Timing is Critical
- To avoid delays or a postponement of your property closing, you should always respond to lender and settlement company requests quickly. Contact your title agent if you can’t get a hold of your lender or settlement company and ask for help.
- Listen carefully and work closely with your lender, real estate agent and settlement professional to avoid unnecessary delays.
You Always Have a Choice
- When it comes to service providers associated with your closing, you should be aware that you have a choice in who you use. This includes the company or attorney that will close the transaction and home inspectors, to name a few. In certain locations, the seller will pay for some closing costs and therefore would be entitled to select the service providers.
- Talk to your lender, real estate agent and settlement professional to obtain additional information about the various service providers, their reputation and fees involved..
Protect your Sensitive Information – Use Secured Emails
- As an added security measure to protect your non-public personal information, you may receive secured emails from your lender and settlement service provider.
- You will need to follow the detailed instructions for opening that information (which may require you to create an account) and make sure that you return any information through the secured email system to avoid any leak of your sensitive data.
Your Loan Estimate (LE)
- The Loan Estimate (LE) will be sent to you within 3 days of your loan application. You may receive multiple copies of the LE if there are any changes that occur.
- The terms provided on the LE will also appear on the Closing Disclosure (CD). Lenders are required to explain any changes in fees on the CD. Be sure they do this step and ask about it if they don’t.
Preparing for Your Closing
- Approximately 10 – 14 days before you are scheduled to sign your documents you should be prepared to speak with your lender, real estate agent and settlement professional. It will be important for you to provide your hazard insurance information at this time.
- NOTE: Wiring instructions will be subject to strict verifications to prevent fraud. Discuss this with your closing professionals well in advance so you are clear on what steps ned to be taken.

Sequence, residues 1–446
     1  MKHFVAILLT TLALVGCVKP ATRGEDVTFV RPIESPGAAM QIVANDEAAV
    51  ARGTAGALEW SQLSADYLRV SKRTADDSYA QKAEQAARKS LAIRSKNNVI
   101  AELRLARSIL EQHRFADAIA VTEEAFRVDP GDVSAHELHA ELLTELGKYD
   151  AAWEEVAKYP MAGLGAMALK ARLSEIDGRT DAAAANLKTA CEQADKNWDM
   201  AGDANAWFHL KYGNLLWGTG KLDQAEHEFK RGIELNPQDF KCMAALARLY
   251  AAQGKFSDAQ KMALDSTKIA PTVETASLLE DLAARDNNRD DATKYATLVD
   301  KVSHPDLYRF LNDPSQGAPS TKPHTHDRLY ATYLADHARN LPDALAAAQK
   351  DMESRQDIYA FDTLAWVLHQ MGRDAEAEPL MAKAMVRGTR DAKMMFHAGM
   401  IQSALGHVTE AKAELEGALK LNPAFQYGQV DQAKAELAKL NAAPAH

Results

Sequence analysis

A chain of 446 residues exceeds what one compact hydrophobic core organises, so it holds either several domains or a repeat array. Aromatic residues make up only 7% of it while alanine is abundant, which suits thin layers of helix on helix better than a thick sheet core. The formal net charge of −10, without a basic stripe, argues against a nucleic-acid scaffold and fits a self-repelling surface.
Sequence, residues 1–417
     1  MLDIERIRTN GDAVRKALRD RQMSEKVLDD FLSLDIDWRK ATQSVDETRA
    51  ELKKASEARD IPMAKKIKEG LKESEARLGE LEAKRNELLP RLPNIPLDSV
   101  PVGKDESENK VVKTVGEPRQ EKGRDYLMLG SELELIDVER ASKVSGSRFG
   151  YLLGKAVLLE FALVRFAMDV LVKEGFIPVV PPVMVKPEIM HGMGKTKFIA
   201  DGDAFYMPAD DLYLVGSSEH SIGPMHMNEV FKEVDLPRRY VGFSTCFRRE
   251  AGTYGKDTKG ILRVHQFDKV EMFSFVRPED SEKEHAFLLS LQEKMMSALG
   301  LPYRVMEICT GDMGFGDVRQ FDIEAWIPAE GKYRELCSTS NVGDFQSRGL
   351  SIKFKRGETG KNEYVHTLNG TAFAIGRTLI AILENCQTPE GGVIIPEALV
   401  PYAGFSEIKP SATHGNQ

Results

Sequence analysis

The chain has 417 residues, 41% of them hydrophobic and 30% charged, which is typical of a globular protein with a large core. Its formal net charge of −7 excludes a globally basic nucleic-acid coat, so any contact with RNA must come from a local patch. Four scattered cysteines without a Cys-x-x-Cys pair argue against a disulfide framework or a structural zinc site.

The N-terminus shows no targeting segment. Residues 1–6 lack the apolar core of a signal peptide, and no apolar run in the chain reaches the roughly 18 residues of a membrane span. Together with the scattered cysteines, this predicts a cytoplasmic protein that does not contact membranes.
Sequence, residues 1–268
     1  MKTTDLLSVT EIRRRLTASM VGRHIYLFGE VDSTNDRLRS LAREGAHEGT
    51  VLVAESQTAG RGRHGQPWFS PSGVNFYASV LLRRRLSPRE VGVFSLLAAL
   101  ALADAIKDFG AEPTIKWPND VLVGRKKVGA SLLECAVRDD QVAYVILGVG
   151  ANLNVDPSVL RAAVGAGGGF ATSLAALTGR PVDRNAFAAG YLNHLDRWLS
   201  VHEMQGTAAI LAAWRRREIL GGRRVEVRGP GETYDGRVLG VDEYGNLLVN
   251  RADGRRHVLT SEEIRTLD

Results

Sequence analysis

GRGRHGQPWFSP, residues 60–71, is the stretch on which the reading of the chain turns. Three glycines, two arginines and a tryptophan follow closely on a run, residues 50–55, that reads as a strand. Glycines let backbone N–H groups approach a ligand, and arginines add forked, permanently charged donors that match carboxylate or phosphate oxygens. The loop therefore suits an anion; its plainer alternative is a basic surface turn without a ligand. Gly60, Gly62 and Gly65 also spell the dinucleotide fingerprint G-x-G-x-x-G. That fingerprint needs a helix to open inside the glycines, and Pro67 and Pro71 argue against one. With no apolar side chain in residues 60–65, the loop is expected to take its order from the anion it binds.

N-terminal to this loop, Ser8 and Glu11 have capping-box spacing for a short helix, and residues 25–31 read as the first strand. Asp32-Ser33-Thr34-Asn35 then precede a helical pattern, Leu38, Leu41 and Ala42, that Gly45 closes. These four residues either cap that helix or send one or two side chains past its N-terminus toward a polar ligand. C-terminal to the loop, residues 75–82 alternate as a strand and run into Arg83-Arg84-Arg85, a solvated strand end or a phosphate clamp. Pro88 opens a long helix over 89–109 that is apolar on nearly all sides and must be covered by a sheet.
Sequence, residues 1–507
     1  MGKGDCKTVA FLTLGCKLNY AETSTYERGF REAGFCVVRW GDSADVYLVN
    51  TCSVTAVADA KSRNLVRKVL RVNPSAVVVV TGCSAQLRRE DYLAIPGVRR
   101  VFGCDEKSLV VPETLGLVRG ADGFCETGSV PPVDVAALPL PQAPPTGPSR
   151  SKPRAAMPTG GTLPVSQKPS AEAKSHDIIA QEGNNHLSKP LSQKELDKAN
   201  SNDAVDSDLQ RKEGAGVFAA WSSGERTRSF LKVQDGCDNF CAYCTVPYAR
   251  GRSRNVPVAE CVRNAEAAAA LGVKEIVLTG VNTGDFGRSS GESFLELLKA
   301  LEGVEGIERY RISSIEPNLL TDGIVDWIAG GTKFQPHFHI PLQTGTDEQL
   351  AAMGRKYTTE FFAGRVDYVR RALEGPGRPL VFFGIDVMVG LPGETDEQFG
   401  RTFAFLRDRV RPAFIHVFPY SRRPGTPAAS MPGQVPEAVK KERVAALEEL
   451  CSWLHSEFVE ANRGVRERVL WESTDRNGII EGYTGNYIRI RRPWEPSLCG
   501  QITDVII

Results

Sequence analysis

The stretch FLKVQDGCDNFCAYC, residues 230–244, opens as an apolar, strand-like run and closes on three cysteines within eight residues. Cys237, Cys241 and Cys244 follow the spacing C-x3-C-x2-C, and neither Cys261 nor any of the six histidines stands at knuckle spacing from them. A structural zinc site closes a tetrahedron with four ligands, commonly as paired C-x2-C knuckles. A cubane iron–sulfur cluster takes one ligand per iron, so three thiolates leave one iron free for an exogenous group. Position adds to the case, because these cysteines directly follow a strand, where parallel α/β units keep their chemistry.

Your Closing Disclosure (CD)
- A closing statement called the Closing Disclosure (CD) will be used for most loan applications. The CD will be sent directly to you (buyer/consumer) and not your real estate agent.
- The CD is designed to make it easy for you to understand the terms of your loan. Reach out to us if anything is unclear. There are never any dumb questions when it comes to closing.
3-Day Review Period
- The Closing Disclosure (CD) must be delivered to the buyer/consumer at least three business days prior to the signing the documents.
- If the CD is delivered via email it is important to acknowledge receipt to avoid additional delays.
- The CD may also be mailed seven days in advance and does not require proof of receipt.
- This time allows you to share it with your agent, attorney and/or financial advisor and ask questions or get clarifications from your lender about the terms and conditions of your loan.
Lenders Title Insurance Policy
- Lenders typically require their borrowers to purchase a Lender’s Policy of Title Insurance for the purchase loan(s).
- The fees are usually based on the amount of the loan(s). • However, a lender’s policy protects only the lender’s interests should a problem with the title arise.
Owners Title Insurance Policy
- Research the value and importance of an Owner’s Title Insurance Policy early on in the process of obtaining a loan and closing on the purchase of your home.
- Homebuyers often assume that the Lender’s Title Insurance Policy protects them from challenges to their ownership rights in the property being acquired. This is not the case. Instead, the homebuyer’s interests are protected by an Owner’s Title Insurance Policy. This insurance coverage typically protects against adverse matters such as ownership challenges, errors and omissions in deeds, forgery, and undisclosed heirs, among other things. It also provides coverage for the attorney’s fees that arise where legal challenges to your property’s ownership occur. Its cost is typically based on the home’s total purchase price, and is a one-time fee paid at closing.
- This is one of the single most important investments of your life. Never be afraid to ask questions of your lender, real estate agent and settlement professional. We are all here to help you have a smooth closing.